I really love my job. The only thing missing from my job description to make this THE perfect job is doing something with learning communities. I enjoy getting to work with the at-risk population or those students who are considered in the middle. Helping them be successful gets me jazzed. Academic Coaching is really where my heart is. I love teaching in this individual manner. Giving these students attention sometimes makes all the difference in their success.

And then this is my life. Yes to every.single.statement.

What do you do at your job?

Last Day

This week I had plans to close out my time at Austin Peay as a professional. Tomorrow was supposed to be my last day.

Well, best laid plans go to spoil sometimes.

Tuesday, I spent 4 hours in the hospital for the second week in a row because my doctors are concerned that I have pre-eclampsia. My blood pressure has been way too high these past two weeks, and no matter what I do, I cannot get it to come down. I have never before had any blood pressure problems which made them come to the conclusion it was because of the pregnancy. So I had to be submitted each week to be observed for several hours and have several tests done. (Yesterday I had to collect my pee for 24 hours in a bucket…never thought I would do that.) Right now, they do not believe I have it since all of my additional tests are coming back normal, but I have to be closely monitored from here on out just to be on the safe side.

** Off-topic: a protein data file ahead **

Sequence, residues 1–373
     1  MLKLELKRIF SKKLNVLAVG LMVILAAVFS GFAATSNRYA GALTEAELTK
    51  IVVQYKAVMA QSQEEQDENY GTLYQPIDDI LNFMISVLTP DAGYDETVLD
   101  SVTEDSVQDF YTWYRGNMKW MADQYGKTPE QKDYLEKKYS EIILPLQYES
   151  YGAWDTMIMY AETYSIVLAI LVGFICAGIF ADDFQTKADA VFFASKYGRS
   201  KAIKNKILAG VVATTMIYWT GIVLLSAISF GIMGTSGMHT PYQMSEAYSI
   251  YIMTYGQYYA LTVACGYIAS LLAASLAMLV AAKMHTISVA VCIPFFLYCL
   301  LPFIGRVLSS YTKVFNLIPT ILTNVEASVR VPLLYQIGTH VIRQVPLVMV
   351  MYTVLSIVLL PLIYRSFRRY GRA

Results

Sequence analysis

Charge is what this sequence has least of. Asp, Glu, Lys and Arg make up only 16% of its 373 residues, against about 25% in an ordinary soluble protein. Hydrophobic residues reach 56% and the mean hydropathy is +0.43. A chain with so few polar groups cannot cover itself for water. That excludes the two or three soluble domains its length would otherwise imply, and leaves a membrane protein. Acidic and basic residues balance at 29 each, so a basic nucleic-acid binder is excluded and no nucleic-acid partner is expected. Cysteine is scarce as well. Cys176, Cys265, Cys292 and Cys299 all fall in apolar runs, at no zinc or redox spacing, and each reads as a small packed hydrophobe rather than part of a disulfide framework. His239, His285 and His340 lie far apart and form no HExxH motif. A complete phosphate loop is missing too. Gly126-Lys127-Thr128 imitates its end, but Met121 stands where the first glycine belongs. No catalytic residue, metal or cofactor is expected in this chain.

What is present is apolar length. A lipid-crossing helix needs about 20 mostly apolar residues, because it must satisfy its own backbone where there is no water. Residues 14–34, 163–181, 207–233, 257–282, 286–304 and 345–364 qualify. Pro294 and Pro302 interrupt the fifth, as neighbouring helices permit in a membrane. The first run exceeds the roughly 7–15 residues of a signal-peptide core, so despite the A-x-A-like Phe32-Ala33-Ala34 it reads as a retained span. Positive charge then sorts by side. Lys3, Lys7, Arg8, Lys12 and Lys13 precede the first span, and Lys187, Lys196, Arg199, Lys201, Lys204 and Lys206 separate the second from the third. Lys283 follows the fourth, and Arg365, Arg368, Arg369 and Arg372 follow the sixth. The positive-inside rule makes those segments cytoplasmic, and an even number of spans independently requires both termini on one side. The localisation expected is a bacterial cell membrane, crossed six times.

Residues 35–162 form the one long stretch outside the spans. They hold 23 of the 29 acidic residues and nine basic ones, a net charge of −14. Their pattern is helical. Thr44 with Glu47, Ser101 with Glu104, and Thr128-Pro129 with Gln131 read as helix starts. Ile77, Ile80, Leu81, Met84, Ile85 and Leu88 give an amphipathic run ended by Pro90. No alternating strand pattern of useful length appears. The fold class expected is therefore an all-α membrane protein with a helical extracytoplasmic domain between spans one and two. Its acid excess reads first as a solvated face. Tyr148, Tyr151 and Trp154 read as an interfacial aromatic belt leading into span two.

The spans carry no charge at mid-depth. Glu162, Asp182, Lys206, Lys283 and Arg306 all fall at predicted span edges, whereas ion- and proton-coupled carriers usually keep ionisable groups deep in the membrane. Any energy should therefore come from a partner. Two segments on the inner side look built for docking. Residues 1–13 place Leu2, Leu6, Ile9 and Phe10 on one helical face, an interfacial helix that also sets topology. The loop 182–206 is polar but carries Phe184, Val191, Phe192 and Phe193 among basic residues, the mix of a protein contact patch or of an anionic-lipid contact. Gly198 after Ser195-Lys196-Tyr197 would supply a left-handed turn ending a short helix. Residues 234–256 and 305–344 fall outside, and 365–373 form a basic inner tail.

Which means, I am now on strict bed rest for the rest of the pregnancy and have to go in twice a week for testing.

Which also meant that Tuesday was my last day of work.